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#WeWontRest until patients everywhere can see the results of innovation in black and white

On a slow news day, I looked up some definitions of innovation. According to the EU Commission website it’s a new or significantly improved product (good or service) introduced to the market, or the introduction within an enterprise of a new or significantly improved process. Exciting stuff.
 
But in the context of new diagnostics, medicines and vaccines it is so much more.
 
We constantly try to quantify medical innovation. Whether it’s the 8000 new medicines in development or the 6000 clinical trials underway in the EU. You can use financial terms -  our industry invests around €42 billion a year in Europe alone. In fact, the industry invests a greater percentage of revenue in R&D than any other sector. Or look at human resources – our industry employs 125,000 people in research and development roles and 840,000 in total across the region.
 
We know 1 in 5 new treatments come from Europe compared to 1 in 2 from the US (a complete reversal of the situation just 25 years ago). We know on average it takes 511 days for new treatments to reach patients in Europe and there are huge disparities in the time it takes to get access in different European Member States. As an engine room of medical innovation, as an industry, we know that a robust IP framework, dynamic regulatory system and an access environment that values innovation attracts the best people, investment, advanced manufacturing and partnerships. And most critically, it ensures patients get access to latest advances in care. Conversely, we know when innovation happens in other regions, it is patients there that benefit first.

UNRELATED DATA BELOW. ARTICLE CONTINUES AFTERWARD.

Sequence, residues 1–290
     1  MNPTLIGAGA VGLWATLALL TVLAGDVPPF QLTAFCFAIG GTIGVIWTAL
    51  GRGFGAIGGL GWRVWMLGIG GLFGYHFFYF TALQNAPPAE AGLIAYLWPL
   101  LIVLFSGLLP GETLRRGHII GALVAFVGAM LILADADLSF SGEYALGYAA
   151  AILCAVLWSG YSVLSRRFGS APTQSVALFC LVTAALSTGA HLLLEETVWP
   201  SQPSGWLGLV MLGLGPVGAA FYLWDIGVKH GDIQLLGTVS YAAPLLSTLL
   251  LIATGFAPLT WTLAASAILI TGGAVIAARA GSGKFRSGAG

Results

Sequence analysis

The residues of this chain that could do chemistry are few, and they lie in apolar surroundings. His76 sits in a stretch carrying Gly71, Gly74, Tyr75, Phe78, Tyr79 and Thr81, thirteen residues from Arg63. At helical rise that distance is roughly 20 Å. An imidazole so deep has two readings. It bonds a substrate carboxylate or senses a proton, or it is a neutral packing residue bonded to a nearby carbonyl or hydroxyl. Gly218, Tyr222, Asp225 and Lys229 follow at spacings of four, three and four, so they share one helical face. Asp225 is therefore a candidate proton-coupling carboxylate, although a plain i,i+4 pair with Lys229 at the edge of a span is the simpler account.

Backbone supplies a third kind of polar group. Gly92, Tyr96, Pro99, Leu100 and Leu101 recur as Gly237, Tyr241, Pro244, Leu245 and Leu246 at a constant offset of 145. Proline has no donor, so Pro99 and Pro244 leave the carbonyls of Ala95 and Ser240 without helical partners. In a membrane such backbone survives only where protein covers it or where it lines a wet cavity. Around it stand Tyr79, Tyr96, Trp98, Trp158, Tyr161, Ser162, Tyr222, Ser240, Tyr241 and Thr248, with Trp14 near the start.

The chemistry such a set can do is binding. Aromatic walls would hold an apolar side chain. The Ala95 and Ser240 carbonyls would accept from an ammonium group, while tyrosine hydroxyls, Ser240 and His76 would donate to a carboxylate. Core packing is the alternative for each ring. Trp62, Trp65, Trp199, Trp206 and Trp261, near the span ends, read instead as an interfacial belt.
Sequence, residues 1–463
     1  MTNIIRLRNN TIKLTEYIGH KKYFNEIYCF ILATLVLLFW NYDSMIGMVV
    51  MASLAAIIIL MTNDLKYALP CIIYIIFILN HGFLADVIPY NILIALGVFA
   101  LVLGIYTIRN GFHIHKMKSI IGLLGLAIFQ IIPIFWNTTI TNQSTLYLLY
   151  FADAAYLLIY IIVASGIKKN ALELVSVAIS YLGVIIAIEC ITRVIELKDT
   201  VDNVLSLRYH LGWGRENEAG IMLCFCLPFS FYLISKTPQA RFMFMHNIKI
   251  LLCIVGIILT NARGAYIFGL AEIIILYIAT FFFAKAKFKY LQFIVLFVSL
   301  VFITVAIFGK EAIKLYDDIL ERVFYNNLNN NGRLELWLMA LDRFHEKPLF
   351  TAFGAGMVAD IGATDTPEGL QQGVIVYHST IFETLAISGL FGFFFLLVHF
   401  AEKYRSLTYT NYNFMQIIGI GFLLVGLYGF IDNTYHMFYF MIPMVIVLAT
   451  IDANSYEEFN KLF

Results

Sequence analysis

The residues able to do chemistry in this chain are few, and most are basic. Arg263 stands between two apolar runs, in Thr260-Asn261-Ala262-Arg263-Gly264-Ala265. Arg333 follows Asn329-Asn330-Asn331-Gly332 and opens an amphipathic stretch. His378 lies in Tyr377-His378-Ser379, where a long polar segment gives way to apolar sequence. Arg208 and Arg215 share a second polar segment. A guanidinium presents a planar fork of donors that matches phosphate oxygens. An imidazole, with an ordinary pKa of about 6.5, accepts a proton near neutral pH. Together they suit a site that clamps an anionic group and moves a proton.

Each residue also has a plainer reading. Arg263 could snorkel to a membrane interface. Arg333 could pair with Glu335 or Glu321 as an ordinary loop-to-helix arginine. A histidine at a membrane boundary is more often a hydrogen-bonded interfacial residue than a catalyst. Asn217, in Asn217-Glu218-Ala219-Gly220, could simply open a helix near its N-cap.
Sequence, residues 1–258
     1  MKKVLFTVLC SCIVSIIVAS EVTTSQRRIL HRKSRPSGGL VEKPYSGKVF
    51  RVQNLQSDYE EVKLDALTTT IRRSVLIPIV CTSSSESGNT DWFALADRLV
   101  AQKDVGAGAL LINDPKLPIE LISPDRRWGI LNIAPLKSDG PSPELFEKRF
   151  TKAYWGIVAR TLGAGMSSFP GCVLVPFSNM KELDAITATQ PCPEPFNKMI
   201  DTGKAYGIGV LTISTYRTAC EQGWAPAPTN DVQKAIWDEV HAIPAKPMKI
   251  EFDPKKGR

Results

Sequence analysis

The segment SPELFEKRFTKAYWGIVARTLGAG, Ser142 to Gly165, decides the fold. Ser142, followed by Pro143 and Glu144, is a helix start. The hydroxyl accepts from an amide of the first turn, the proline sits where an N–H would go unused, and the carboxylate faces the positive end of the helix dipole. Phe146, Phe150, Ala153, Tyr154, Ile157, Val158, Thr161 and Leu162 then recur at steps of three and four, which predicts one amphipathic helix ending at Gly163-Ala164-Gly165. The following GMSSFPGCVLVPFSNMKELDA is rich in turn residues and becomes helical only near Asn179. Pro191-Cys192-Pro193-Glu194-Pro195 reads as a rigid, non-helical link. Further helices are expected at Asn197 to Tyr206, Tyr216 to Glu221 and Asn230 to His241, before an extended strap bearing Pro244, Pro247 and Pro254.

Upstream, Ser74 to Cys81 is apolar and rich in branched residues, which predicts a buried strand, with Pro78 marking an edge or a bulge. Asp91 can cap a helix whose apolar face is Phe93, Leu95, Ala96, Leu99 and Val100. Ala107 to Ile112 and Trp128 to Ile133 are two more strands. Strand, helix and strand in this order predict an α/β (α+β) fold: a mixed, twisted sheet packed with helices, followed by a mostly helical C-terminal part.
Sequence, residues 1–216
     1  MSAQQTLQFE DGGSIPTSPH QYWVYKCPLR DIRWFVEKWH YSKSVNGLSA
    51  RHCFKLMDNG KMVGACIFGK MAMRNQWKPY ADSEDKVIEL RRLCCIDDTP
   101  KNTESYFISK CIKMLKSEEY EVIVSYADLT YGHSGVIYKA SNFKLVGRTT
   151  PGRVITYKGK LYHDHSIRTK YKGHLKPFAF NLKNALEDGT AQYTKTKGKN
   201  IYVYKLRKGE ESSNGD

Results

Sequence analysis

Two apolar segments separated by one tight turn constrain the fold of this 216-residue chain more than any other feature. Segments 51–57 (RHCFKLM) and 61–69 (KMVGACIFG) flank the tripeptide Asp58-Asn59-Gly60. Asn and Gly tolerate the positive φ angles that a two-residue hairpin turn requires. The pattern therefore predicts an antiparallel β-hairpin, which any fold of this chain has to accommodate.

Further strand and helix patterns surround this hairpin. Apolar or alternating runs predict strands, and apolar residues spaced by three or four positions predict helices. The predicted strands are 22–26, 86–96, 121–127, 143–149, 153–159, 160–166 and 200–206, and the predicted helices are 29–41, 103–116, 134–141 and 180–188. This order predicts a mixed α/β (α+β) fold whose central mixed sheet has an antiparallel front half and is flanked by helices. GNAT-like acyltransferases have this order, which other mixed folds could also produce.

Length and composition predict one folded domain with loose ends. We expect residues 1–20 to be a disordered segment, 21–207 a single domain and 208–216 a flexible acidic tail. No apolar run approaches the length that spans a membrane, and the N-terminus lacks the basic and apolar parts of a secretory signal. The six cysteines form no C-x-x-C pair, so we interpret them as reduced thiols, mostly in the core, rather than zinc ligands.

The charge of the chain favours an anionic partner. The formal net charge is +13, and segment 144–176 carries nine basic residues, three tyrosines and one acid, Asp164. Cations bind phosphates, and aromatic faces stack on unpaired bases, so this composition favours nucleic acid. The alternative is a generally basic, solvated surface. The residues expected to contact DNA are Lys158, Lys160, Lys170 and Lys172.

But much harder to quantify is how that innovation has transformed lives, the experiences it has meant people could share, the moments made and the memories created. In the context of medical innovation, it’s the real impact but often it’s unmeasurable.

And I have felt it keenly in my own experience. From my kids’ first few, hard-won, breaths to my dad’s last few days, innovation has played a huge role in our family’s story. I know for a fact that we would not have savoured all the precious moments we have as a family without it. And we have also been in that desperate position waiting for the next breakthrough, where it has come too late, or where there was no access to it.


Having finally taken my turn with COVID last week, it was another stark reminder that innovation I had talked about and written about for the last two years wasn’t just numbers of trial participants, efficacy rates, uptake data and manufacturing outputs but a very tangible, very real and part of our collective story.  Despite my waif-like appearance and general clean living, I felt pretty ill for a couple of days. It made me incredibly grateful for the vaccines I have had and couldn’t help but consider what might have been without them.

As we look to the future, we want to make sure that Europe and Europeans are at the forefront of that innovation. Not just for better outcomes, more efficient healthcare, more cutting-edge science but the chance to live life to the full, to share those moments with the people we love. That should be the ambition of the EU pharmaceutical policy framework – so that people everywhere can see the results of innovation in black and white.

Andy Powrie-Smith

Andy Powrie-Smith is Communications Director at EFPIA, the European Federation of Pharmaceutical Industries and...
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